Have you heard of Ohio Help Me Grow? The statewide, evidence-based program offers support to pregnant women or new parents. Trained home visitors – including nurses and social workers – meet with clients in their homes to assist in promoting healthy growth and development in babies and young children.
The NFP program provides nurse home visitation for first-time, low-income mothers from early pregnancy up to the child’s second birthday. NFP improves pregnancy outcomes by encouraging preventive health practices. NFP clients will learn and practice things to improve their confidence as mothers, such as breastfeeding, nutrition, child development, safe-sleep techniques and more.
The HFA program provides home visitation, also for first-time mothers and fathers, from pregnancy until the child’s third birthday. HFA is designed to ensure children are healthy, safe and ready to learn. HFA focuses on improving child health and development, increasing family connectedness to community and social support, and improving parenting confidence and competence.
Help Me Grow Program Clinical Coordinator, Justin Fogt, explains how home visitation programs affect family outcomes in a positive way – including the ability to prevent child abuse and neglect by creating a more stable and safe home environment.
“The first objective of the Help Me Grow program is to establish a relationship with the family. As we know from studying adverse childhood experiences (ACEs) and addressing trauma, a child is less likely to have ACEs if they connect with one caring, stable adult in their life. It is our hope that this caring adult will be one of our nurses or social workers. Our focus is to make sure families feel supported by us providing education and intervention.”
Another objective of the program is to empower families to make informed decisions about parenting.
Help Me Grow clients may have experienced healthy or unhealthy home environments when they were children. As trauma-informed professionals, we do know that if clients learned that certain unhealthy behavior was “normal,” then they are likely to repeat the cycle with their own children, even if it is subconsciously.
Home visitors provide motivational interviewing, which helps first-time parents think about long-term positive changes with their new family. Help Me Grow home visitors are trained to ask clients how they learned right from wrong when they were growing up. They may also ask what they liked or did not like about their parents’ rules or actions. This helps the home visitors to understand client mindsets, and to determine if any potentially harmful or unhealthy habits will carry through to their child.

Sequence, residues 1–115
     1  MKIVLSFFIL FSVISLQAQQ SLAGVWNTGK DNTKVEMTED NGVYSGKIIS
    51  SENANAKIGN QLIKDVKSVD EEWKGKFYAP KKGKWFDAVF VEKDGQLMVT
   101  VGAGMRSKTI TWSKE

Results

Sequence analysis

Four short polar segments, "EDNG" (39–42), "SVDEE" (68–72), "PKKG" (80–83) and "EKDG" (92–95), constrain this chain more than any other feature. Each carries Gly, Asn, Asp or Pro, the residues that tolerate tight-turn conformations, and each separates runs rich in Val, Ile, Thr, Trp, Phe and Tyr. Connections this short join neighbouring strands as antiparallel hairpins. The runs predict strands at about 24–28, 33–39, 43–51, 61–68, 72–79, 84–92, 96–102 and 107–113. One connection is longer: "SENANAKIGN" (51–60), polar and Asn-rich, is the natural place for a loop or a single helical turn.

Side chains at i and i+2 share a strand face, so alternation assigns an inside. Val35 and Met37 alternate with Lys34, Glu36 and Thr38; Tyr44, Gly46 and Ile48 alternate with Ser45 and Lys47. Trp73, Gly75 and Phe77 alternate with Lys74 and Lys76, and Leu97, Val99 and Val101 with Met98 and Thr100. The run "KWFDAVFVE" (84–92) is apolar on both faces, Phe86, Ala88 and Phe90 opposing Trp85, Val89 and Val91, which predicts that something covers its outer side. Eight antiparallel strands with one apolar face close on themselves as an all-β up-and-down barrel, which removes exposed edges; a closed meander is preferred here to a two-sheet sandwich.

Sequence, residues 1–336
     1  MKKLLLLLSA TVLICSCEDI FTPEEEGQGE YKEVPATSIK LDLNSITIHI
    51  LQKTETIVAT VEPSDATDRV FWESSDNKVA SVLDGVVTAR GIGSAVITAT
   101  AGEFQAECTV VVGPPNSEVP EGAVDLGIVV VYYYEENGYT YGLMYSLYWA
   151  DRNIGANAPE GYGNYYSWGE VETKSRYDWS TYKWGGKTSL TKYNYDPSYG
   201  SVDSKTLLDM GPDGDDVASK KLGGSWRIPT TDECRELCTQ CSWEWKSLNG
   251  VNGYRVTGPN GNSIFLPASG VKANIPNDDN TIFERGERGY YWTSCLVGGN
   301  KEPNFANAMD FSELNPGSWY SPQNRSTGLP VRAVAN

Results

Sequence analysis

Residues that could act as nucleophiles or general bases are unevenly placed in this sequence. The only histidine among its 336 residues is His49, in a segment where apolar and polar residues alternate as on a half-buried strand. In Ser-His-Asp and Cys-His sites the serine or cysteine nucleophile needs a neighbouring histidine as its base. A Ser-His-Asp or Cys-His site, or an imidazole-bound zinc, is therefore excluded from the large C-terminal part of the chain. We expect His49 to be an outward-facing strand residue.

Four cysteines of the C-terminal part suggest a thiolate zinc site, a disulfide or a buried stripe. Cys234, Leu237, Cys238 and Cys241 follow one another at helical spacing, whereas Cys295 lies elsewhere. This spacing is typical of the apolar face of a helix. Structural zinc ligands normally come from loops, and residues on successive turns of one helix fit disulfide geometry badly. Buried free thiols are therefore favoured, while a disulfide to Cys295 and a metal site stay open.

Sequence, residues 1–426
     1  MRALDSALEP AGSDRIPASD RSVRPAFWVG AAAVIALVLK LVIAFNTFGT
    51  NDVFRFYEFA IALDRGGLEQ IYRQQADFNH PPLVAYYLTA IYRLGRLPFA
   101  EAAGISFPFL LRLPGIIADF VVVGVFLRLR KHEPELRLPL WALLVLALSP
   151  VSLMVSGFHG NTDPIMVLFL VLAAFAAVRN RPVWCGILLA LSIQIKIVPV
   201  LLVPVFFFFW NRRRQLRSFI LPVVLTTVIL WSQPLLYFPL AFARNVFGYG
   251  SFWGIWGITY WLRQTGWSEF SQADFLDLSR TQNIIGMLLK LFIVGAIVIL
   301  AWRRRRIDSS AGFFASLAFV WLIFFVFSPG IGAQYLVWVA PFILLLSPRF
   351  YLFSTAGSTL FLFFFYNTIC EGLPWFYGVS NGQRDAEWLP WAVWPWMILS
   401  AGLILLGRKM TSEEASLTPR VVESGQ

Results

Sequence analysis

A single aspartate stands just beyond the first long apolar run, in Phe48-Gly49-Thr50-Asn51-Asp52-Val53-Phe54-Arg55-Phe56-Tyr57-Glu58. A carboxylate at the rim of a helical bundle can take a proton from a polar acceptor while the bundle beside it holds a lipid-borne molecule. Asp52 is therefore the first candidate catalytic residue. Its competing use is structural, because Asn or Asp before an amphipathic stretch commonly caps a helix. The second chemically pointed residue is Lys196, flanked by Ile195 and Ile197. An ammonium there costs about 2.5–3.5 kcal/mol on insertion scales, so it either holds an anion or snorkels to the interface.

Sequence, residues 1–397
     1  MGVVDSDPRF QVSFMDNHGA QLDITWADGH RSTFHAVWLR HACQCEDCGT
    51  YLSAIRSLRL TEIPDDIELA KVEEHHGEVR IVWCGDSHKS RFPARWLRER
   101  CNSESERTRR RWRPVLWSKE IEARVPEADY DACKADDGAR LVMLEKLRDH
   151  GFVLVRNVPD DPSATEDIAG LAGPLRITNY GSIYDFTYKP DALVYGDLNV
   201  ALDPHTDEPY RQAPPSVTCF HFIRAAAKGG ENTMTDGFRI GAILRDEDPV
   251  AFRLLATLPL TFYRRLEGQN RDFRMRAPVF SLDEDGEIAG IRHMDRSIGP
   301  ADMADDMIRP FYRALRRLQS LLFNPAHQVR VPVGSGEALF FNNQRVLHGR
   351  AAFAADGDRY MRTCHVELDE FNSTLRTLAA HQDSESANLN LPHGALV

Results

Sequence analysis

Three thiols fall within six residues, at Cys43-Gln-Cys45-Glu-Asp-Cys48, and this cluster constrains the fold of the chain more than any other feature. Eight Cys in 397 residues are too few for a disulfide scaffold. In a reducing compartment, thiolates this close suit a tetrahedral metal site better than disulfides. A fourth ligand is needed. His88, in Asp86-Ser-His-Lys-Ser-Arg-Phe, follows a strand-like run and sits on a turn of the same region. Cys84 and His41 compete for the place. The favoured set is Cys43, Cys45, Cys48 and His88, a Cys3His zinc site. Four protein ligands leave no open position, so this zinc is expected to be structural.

As Help Me Grow clients advance throughout the program, they will learn that there are certain times in their babies’ life where abuse and neglect are more likely to occur. These times are called “mental milestones.” For example, a baby on a normal developmental track begins to crawl between 4 and 6 months. This adds more stress to the parent because the child is becoming mobile, which increases risk for injury around the home.
Another “mental milestone” occurs between 10 and 16 months, when a baby goes from crawling to walking. Help Me Grow nurses and social workers provide tips and education on home safety to minimize injuries.
A later “mental milestone” that causes frustration and stress is potty training, which for most toddlers, occurs anywhere between ages 2 and 3. Help Me Grow home visitors provide developmentally appropriate expectations to new parents. For example, a child’s anatomy is different from an adult’s, in that children do not have muscle development to be able to “hold it” and make it to the bathroom in time to prevent an accident.
“We want to highlight our program’s ability to increase parental emotional capacity, particularly feeling empathy,” Fogt said. “If the parent grew up in an empathetic and nurturing environment, it is likely that this type of thinking will come more naturally to them. However, if they grew up in an unhealthy environment with constant stress, and their number one priority was surviving one day at time, it is harder to develop and feel this type of emotion for others, especially a child.”
Through prevention, education and support, Help Me Grow works within the community to deliver best outcomes for both parent and baby.
Contact us at The Center for Family Safety and Healing to discuss enrolling in these programs, or to make a referral:
- NFP Supervisor, Rachel, at 614-722-8303
- HFA Supervisor, Suzanna, at 614-722-8224
Additional resources for Central Ohio families:
Ohio Department of Health Help Me Grow Resources